city pagesNews

City Pages

Citing budget constraints, University of Georgia President Michael Adams withdrew an unpopular proposal last week to close Legion Pool and build a new pool near the intramural fields at Lake Herrick.

Adams has acknowledged that outcry over closing Legion Pool caught him by surprise, but he cited money, not community opposition, as the reason he backed down.

“Questions have been raised about the efficacy of the plan in these challenging times, and building a pool in this economic climate may be seen as frivolous,” he wrote to University System Chancellor Hank Huckaby in a letter dated Oct. 17 and released to the media Oct. 22.

Adams, who is retiring in June, said he’ll “let the next president grapple with this matter as he or she begins the next phase of master planning for the campus.”

But he continued to make the case for demolishing Legion Pool in his letter to Huckaby. He argued that the Lumpkin Street pool, on the outskirts of campus when the American Legion built it in 1935, is now in the congested heart of campus, and that students whose fees pay for its upkeep are under-utilitizing it. “This, I believe, is ultimately a matter of appropriate use of student fees and, perhaps more importantly, a matter of the highest and best use of land which lies adjacent to academic and residential facilities.”

UGA’s plan, unveiled in July, called for turning Legion Pool into greenspace that would one day be surrounded by new dorms or academic buildings. The $2.6 million new pool would have been funded by student fees, reserves and the UGA Athletic Association and included student-friendly modern amenities like a bubble bench and infinity edge. Critics—including the state historic preservation office and many UGA faculty and staff who frequent the pool—questioned the expense when repairs would cost less than a fifth of demolition and new construction, according to a university estimate.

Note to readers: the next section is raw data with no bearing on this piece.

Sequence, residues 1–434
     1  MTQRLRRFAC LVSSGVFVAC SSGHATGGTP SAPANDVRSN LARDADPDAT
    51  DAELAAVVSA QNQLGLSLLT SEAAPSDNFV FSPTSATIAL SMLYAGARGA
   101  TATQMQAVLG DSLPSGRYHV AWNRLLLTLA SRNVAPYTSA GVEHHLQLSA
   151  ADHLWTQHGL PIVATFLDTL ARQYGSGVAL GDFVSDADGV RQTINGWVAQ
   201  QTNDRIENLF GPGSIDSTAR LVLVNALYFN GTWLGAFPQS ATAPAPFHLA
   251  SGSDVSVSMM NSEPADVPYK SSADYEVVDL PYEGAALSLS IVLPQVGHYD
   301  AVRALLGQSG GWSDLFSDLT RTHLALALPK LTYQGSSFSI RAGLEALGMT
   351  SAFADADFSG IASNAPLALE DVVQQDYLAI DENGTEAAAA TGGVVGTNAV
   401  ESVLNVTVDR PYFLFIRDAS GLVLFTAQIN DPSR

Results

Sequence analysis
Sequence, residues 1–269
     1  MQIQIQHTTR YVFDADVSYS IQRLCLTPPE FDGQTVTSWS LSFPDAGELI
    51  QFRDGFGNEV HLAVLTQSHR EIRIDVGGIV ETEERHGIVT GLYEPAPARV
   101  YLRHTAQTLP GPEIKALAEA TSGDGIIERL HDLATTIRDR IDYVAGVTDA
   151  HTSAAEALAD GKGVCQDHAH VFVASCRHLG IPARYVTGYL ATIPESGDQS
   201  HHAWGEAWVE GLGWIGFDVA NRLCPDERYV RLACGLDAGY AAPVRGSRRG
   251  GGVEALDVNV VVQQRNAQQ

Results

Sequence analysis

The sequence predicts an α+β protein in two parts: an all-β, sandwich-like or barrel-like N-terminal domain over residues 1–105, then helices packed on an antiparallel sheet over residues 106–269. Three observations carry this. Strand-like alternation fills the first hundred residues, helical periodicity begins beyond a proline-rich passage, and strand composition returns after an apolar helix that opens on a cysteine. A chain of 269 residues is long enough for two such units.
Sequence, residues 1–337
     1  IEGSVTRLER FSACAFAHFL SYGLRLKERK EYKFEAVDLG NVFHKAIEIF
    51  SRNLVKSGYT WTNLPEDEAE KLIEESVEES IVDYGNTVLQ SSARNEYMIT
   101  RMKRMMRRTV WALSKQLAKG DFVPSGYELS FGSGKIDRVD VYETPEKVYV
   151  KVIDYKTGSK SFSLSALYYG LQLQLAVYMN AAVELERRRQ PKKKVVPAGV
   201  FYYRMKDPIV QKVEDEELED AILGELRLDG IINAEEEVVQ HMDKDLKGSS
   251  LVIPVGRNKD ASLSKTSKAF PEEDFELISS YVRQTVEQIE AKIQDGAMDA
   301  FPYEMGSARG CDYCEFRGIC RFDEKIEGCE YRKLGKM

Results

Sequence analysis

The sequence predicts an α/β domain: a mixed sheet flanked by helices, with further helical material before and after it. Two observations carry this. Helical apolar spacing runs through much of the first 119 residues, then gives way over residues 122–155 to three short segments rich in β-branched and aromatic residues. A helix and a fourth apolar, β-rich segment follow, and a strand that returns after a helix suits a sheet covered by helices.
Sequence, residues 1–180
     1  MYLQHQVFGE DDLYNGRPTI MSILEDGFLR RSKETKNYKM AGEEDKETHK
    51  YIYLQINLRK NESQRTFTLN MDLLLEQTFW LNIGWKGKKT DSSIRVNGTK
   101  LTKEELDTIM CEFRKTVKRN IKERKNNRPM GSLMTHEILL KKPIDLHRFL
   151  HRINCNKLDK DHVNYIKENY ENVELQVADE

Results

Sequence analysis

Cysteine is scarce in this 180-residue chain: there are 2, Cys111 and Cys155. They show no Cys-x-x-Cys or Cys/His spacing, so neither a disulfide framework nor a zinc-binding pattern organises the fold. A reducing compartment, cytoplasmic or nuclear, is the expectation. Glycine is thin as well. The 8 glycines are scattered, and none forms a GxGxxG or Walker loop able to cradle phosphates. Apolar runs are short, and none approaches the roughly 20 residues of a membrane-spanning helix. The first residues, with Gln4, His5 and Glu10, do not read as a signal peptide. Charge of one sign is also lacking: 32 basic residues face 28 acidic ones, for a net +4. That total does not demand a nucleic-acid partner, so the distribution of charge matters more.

“The narrative indicates renovation costs of $490,000 but provides no context, including why it has been determined to be a not cost-effective candidate for repair, and considering reference to future construction of a pool elsewhere on campus, how repair costs compare to the cost of the replacement facility,” Deputy State Historic Preservation Officer David Crass wrote in July.

A 2011 audit by pool experts Counsilman-Hunsaker found that Legion Pool needs about 20 repairs to bring it up to modern standards, including a new floor and filtration system. It leaks 24,000 gallons per day, and the yearly water bill is $10,000. But the university has no plans to repair the pool.

“It will operate as it has been,” said Vice President for Public Affairs Tom Jackson.

Although the historic pool’s final fate is still up in the air, local activists praised Adams’ decision to back off. “This is a real victory for the Athens/UGA community and for the moral and legal obligations of UGA for proper stewardship of its historic properties,” Grady Thrasher, Kathy Prescott and Sara Baker, who led efforts to save the pool, said in a statement.

Another issue also remains: UGA still lacks a historic preservation plan as required by state law. Administrators say they don’t need one because they’re good stewards, but critics say a plan could have prevented the Legion Pool controversy.